Stuck inside? Of course you are. Not to worry—I’ve found some books that will keep you company. Some new, and some not so new.
X Marks the Spot: An Anthology of Treasure and Theft edited by Lisa Mangum
“Magic pirate stories.” There’s no part of that sentence I don’t like. Bonus: the opening story is by Kristen Bickerstaff, who wrote a really fun piece in The Lost Legends. This one released just a few days ago, and it’s just in time, because I’m pretty sure mermaids and swashbuckling and treasure maps is exactly the fun you need in your life right now.
When Fire Loves Water – Part 1: The Siren by J. Suzanne Frank
Here’s another one hot off the press. If the last book about pirates and magic strikes your fancy, then you’ll want to dive into this YA tale about teenagers and mermaids. While When Fire Loves Water features teenagers caught up in a fantasy world, the strange creatures, interesting magic, and vast world-building make it like nothing you’ve ever read before. Plus, it has a really cool map. (You’re not a fantasy reader if you don’t drool over cool maps.) If you love YA and want something new, go start this series today.
Assassin’s Apprentice – The Illustrated Edition by Robin Hobb
I know. It’s a classic. Why bother posting about a classic? Because the illustrated edition is amazing. So far, only the first book in the series has been released in this format, but the rest are on the way and I’m obsessed with the brilliant paintings and gorgeous layout. This is how books are supposed to look.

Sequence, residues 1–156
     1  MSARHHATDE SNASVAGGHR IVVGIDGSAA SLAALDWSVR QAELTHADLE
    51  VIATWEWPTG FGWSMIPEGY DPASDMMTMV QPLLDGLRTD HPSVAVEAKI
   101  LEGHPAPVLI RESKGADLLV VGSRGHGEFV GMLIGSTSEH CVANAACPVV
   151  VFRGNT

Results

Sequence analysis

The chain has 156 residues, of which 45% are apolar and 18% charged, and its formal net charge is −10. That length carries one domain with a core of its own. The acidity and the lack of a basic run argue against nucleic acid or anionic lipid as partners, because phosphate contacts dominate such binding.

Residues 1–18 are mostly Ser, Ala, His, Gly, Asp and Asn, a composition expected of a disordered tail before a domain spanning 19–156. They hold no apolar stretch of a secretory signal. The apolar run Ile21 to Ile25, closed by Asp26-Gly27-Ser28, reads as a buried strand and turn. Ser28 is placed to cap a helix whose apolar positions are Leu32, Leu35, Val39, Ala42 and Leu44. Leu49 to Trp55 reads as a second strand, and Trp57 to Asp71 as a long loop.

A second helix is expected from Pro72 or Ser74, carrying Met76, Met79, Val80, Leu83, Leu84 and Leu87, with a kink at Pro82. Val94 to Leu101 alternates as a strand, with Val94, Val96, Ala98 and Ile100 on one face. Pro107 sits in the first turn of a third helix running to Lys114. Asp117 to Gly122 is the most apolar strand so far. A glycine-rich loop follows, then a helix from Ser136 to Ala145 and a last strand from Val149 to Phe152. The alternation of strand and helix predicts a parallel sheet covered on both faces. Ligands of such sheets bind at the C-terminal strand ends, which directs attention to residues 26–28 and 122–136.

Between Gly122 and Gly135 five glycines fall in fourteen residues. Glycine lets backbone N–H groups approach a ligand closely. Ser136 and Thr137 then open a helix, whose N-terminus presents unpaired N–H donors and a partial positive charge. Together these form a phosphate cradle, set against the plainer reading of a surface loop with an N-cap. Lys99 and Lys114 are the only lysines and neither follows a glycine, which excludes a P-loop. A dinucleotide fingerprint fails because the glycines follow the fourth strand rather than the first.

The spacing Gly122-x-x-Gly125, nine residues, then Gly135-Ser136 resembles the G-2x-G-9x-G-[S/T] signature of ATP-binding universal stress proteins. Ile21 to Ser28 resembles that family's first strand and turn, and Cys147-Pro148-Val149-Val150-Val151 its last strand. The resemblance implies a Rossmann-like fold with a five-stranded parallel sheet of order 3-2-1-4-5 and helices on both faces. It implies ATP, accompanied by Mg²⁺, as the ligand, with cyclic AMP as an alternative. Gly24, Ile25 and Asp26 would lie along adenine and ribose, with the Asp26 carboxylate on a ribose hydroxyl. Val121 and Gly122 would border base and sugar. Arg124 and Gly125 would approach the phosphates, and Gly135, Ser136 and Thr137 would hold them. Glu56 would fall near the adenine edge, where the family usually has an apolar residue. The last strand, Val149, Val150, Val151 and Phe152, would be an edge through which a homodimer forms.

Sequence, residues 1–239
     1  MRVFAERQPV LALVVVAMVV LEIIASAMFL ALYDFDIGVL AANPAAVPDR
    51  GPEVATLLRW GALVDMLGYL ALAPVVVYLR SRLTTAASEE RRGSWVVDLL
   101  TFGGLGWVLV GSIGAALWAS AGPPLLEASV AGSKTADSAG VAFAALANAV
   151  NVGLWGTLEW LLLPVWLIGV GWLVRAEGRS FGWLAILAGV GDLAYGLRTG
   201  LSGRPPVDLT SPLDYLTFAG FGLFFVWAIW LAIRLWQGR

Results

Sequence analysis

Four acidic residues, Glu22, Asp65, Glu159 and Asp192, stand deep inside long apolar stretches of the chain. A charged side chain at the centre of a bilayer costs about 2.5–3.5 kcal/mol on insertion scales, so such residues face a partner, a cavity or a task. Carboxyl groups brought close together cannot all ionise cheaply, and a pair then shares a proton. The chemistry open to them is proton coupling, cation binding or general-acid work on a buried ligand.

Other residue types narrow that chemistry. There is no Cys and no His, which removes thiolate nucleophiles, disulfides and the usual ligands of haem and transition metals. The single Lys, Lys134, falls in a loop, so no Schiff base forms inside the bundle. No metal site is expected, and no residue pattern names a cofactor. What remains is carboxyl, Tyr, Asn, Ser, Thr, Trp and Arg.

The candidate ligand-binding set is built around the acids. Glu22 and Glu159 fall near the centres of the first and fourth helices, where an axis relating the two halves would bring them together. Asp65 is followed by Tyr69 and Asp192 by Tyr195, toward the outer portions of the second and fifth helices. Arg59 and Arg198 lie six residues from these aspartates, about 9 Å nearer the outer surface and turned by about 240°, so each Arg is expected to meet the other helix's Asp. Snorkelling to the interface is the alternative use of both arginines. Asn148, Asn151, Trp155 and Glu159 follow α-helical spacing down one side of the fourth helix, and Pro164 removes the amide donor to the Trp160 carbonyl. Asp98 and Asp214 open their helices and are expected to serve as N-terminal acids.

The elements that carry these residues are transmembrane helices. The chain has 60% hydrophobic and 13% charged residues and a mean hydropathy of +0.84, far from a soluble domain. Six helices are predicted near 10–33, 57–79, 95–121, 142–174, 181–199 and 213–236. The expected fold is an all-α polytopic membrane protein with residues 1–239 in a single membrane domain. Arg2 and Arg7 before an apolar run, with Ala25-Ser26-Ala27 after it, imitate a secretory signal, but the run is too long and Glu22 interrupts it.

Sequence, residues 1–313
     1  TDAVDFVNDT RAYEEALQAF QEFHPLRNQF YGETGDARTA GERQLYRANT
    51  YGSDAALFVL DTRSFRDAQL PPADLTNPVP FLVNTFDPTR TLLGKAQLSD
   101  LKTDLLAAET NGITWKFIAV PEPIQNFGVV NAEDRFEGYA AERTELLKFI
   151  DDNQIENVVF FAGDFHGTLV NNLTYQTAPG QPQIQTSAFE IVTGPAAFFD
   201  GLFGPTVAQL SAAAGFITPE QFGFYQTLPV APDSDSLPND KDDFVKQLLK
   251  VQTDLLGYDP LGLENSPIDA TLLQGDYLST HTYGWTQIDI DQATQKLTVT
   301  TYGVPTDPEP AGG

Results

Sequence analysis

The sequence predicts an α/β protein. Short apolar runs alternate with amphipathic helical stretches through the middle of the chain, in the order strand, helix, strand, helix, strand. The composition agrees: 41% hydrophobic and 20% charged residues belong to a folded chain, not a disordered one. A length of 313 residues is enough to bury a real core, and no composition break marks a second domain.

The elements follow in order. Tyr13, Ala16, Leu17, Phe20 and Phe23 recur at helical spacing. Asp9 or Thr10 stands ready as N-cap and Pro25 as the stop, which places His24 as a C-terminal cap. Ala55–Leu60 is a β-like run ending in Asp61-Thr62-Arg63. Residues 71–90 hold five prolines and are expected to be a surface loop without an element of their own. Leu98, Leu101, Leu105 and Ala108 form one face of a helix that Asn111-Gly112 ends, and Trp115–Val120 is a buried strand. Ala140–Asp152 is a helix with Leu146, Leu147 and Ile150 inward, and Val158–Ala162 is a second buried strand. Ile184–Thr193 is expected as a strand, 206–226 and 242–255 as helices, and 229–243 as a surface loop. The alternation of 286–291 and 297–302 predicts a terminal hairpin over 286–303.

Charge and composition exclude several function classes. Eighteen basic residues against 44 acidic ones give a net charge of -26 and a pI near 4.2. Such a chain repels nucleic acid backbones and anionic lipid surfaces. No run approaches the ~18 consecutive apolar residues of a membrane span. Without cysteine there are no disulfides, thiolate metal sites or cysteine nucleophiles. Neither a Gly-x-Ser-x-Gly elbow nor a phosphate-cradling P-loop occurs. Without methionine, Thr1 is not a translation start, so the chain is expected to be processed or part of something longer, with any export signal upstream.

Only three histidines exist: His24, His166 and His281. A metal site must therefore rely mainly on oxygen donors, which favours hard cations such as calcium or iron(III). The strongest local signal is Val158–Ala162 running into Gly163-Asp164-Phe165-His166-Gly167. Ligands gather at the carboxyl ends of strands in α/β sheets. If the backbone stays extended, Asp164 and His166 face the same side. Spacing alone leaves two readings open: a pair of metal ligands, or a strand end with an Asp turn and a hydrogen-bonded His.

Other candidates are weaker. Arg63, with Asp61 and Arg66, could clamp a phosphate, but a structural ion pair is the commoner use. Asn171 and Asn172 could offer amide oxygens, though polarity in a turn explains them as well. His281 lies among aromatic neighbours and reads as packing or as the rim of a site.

The Consolation of Philosophy by Boethius
A philosophy textbook? Ok. I realize this one is a strange choice, but bear with me. In the sixth century, poor Boethius, a very good man, was imprisoned wrongfully. Some kind of political stunt. Forever separated from his life and his family, he turned to philosophy and discovered great comfort even in his cell.
Why is it on my quarantine readings list? Because if you’re trapped at home and need a pick-me-up, you’ll be surprised what philosophy has to offer. And you’ll be pleasantly surprised to learn The Consolation of Philosophy is blissfully short and a breeze to read. And free.
Dragon’s Lure – Legends of a New Age edited by Danielle Ackley-McPhail, Jennifer Ross, and Jeffrey Lyman
Sarah Ban Breathnach said, “It simply isn’t an adventure worth telling if there aren’t any dragons.” (No, it wasn’t Tolkien.) If that’s the case, here’s a book full of stories that are definitely worth telling.
This one’s been around for a while, but anthologies sometimes fly under the radar. I just received a signed copy from David Coe (Thanks!) and have enjoyed every word of this collection so far. It’s amusing, diverting, and it’s about dragons—exactly the distraction I was looking for.
(I also need your book recommendations if I’m going to get through this, so bring ’em on.)